On the face of it, Dandelion Angel tells of undiagnosed borderline personality disorder in mothers and the legacy this hands down to their daughters who know nothing of psychological interpretation but much about the impossibility of pleasing a demanding parent. In choosing this approach Dandelion Angel hits far closer to home than most stories in which families seem to quickly understand the intricacies of psychology, focusing on the heart of a mysterious, unpredictable family structure that hands down far more than love for generations to contemplate.
Ute, one of the mothers featured in the novel, is impossible to please: she is a 'hermit' whose heart is ruled by fear, with an uncommon ability to tolerate pain but hold it in places where pain usually releases.
In describing her world and her daughter Caren's own legacy, Calico's words are exquisitely sharp and precise in their vivid vision. As readers follow generations who inherit Ute's legacy, they will find the descriptions of family dynamics exquisitely wrought and pointed.
Mothers and daughters. Achievements and failures to communicate. A biography project that threatens much and promises newfound insights. Traumatic memories from war, repressed until they are discounted. All these facets weave a powerful saga that holds out the promise of new blossoms, spring, revival, and how good people emerge from traumatic situations.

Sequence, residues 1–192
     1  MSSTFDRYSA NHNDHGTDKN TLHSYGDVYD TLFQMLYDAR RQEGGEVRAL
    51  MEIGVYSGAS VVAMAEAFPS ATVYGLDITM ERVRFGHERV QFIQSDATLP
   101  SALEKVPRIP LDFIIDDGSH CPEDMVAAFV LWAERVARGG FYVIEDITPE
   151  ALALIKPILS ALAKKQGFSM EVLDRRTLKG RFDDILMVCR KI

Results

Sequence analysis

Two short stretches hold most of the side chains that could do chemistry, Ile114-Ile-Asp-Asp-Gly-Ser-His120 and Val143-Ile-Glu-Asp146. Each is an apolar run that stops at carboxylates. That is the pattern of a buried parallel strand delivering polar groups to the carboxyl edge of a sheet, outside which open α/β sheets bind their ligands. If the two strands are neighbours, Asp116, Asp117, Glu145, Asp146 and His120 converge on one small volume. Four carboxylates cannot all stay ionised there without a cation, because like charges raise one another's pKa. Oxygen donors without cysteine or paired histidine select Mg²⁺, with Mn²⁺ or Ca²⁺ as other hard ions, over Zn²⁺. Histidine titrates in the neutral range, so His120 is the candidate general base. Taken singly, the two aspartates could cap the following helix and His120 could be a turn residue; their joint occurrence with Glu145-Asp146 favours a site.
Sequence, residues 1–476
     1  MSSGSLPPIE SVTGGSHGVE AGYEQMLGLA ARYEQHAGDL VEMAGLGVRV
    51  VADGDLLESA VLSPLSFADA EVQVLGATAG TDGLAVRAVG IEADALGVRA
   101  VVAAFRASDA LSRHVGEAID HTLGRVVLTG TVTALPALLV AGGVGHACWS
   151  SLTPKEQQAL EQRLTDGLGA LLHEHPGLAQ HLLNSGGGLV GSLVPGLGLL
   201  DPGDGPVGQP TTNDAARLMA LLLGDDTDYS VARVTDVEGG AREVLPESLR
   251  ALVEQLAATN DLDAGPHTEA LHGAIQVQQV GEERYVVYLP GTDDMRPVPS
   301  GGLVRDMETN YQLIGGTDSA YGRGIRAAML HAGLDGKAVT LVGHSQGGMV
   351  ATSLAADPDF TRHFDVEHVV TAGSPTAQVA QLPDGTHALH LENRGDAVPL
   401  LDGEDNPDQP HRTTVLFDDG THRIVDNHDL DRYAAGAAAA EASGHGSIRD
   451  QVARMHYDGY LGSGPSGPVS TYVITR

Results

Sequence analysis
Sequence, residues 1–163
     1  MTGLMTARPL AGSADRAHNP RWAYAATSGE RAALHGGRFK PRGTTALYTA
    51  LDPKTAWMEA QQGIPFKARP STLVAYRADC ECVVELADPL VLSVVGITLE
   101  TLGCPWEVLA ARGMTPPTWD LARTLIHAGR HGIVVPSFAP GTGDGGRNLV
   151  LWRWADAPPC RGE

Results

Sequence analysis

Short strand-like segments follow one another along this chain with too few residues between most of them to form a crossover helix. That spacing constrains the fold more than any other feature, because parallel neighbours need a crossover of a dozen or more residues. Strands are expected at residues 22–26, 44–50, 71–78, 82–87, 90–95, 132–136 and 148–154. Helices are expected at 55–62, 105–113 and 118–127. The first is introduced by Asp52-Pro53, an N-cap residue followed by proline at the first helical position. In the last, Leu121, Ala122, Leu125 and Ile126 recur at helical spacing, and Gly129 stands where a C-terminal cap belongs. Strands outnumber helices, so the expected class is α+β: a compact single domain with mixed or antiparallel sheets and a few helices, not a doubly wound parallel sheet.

Any novel reader who wants a story of women's family connections replete in psychological depth that successfully shows (rather than telling) will find that Dandelion Angel eschews the usual distance of third-person observation by drawing key connections between its protagonists. Can knowing and understanding pain alleviate its force?
Dandelion Angel offers many compelling insights that create much food for thought in a vivid psychological examination with an uncanny ability to hit close to home - and the heart.